Concretely, in this workshop, we want to engage with historically specific situations and practices during imperial expansion - be it maritime or continental empires. We are especially interested in contributions that go beyond the influence of European empires and emphasize the agency of Indigenous and other non-European actors as well as human and non-human influences. We also encourage papers that combine different methodologies and types of historical evidence, such as Indigenous Studies, Archaeology, Ethnography, Anthropology, and studies on visual and material culture.
We invite proposals for papers that focus on one of the following themes:
1) Reconfigurations of Landscapes/Environments, exploring the ecological changes brought about by colonial activities, environmental change, extraction/ exploitation, and after-effects on non-human life forms and vice versa.
2) Knowledge, Beliefs, and Practices, analyzing historically specific situations and practices, and focusing on questions such as how do plants and animals act upon us, how do they contribute to the co-generation of our cultural practices? How and why did people think about certain animals and plants in the way they did?
3) Collection and Representation, examining how specimens were used, collected, categorized, traded, and transported in different socio-ecological frameworks, their influence on scientific, cultural, and imperial knowledge, and its representation.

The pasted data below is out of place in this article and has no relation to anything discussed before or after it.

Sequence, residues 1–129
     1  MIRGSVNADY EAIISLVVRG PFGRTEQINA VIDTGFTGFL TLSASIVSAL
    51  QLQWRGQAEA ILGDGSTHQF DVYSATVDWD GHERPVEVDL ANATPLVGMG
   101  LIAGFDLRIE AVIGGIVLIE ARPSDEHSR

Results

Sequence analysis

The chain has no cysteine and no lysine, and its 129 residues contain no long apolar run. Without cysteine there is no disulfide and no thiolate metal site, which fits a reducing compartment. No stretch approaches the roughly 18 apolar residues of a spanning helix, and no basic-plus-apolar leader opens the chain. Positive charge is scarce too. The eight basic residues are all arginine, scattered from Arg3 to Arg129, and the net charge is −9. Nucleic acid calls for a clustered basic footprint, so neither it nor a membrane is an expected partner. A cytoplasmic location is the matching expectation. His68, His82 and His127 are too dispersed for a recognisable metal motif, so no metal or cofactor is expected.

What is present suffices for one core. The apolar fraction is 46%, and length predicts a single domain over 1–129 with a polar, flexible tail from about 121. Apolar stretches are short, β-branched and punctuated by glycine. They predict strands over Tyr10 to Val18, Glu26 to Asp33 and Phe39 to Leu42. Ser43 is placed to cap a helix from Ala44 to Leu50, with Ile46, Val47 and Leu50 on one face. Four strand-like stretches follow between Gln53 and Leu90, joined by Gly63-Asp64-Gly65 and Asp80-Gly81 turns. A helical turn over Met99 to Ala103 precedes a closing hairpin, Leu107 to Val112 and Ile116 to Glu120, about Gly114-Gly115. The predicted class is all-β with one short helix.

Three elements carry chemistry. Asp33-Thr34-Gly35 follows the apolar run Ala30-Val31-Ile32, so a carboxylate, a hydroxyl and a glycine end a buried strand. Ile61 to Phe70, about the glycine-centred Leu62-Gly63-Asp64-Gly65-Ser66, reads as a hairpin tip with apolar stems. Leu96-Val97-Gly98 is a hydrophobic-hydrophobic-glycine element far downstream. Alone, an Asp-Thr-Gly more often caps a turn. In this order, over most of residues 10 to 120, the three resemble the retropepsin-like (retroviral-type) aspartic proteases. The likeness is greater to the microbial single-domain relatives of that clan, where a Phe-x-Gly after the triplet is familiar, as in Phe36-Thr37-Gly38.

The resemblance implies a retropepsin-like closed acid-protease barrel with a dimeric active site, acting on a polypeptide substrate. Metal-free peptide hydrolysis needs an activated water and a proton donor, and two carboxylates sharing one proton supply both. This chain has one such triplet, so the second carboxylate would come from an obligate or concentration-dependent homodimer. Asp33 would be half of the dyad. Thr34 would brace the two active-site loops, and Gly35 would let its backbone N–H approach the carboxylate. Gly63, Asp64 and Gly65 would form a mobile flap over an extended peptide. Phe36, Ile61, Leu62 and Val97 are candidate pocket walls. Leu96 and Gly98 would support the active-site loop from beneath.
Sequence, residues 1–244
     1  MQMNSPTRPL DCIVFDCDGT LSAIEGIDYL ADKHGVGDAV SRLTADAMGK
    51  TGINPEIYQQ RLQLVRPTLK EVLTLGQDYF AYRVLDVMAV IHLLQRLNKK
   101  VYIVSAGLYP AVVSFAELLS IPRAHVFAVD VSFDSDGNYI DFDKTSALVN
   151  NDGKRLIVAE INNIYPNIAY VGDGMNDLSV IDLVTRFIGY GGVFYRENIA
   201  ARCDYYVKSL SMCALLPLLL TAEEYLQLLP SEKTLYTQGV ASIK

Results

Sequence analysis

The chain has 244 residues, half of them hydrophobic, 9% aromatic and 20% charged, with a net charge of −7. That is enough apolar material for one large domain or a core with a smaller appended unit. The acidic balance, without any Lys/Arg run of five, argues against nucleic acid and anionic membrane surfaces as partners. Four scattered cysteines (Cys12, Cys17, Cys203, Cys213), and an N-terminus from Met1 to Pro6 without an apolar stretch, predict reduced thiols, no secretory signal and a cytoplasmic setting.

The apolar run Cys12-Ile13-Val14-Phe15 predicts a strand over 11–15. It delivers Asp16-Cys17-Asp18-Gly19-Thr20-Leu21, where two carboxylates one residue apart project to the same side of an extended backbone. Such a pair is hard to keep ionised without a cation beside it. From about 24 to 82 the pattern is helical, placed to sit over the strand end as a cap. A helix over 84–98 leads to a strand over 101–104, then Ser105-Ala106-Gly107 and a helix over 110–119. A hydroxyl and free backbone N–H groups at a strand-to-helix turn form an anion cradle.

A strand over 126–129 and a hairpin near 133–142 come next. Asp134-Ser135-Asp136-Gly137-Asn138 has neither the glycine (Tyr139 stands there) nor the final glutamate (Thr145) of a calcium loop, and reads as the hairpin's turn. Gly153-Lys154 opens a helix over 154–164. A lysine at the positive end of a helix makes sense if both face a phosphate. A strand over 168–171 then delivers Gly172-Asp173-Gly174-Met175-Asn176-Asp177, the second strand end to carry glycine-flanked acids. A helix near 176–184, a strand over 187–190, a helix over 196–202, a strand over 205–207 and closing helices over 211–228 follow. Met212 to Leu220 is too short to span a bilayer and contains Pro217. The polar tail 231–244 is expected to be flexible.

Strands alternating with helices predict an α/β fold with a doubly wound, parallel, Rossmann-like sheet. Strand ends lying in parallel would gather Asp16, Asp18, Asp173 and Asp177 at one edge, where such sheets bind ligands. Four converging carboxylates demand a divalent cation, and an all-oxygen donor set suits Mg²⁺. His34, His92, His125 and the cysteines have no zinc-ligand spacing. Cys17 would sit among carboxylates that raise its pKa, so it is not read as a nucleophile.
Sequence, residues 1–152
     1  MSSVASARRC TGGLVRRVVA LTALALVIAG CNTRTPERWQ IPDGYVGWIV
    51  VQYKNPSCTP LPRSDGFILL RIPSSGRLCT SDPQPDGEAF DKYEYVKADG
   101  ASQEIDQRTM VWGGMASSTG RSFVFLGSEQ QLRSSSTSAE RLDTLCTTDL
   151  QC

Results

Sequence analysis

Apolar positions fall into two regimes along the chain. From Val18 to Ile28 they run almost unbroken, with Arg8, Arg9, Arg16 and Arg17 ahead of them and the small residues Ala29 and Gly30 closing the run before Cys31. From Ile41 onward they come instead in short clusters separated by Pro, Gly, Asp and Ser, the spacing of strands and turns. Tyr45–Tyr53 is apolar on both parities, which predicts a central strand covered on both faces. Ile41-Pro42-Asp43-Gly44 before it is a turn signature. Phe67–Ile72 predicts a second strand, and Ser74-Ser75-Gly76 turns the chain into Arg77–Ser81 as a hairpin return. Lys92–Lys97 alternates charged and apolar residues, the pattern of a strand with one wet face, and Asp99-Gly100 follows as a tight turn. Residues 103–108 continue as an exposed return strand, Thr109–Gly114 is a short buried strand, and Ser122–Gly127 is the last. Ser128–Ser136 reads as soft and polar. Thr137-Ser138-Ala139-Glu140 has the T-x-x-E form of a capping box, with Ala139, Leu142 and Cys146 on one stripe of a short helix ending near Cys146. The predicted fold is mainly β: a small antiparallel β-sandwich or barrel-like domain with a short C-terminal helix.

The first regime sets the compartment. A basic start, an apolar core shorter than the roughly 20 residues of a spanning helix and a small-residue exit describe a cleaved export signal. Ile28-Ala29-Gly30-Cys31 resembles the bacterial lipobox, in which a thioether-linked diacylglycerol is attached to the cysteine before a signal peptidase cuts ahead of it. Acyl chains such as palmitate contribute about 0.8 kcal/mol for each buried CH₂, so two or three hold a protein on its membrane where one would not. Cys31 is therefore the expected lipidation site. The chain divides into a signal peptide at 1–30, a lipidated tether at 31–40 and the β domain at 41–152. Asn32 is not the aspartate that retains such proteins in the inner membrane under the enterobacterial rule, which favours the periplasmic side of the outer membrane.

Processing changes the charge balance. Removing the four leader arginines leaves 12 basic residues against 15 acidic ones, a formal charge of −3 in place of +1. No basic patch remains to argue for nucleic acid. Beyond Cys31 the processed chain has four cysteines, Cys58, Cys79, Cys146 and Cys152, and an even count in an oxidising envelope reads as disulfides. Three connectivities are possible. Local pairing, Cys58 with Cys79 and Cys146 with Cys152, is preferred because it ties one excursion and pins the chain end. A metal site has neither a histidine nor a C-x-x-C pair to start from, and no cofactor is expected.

We especially encourage submissions from PhD students and researchers in the early stages of their careers. It is our aim to publish a selection of papers discussed at the workshop as a special issue in a peer-reviewed journal.
Workshop structure and subsistence:
To allow for the maximum engagement and discussion with individual papers, there will be no paper presentations at the workshop in the classical sense. Instead, papers will be pre-circulated five weeks before the workshop. Each paper will be assigned two commentators from the group of presenters who give their comments before a general discussion of each paper.
The workshop will take place at the University of Tübingen, Germany, from 18-19 July 2024. The sessions will be conducted in English. Moderate travel expenses and participants‘ accommodation for one night from 18-19 July will be covered by the organizers. Pending on funding, additional nights can be covered, too.
Abstracts should be no more than 500 words, outlining the proposed topic in relation to the above-mentioned themes. Please also include a brief CV of no more than 1 page, all in one PDF.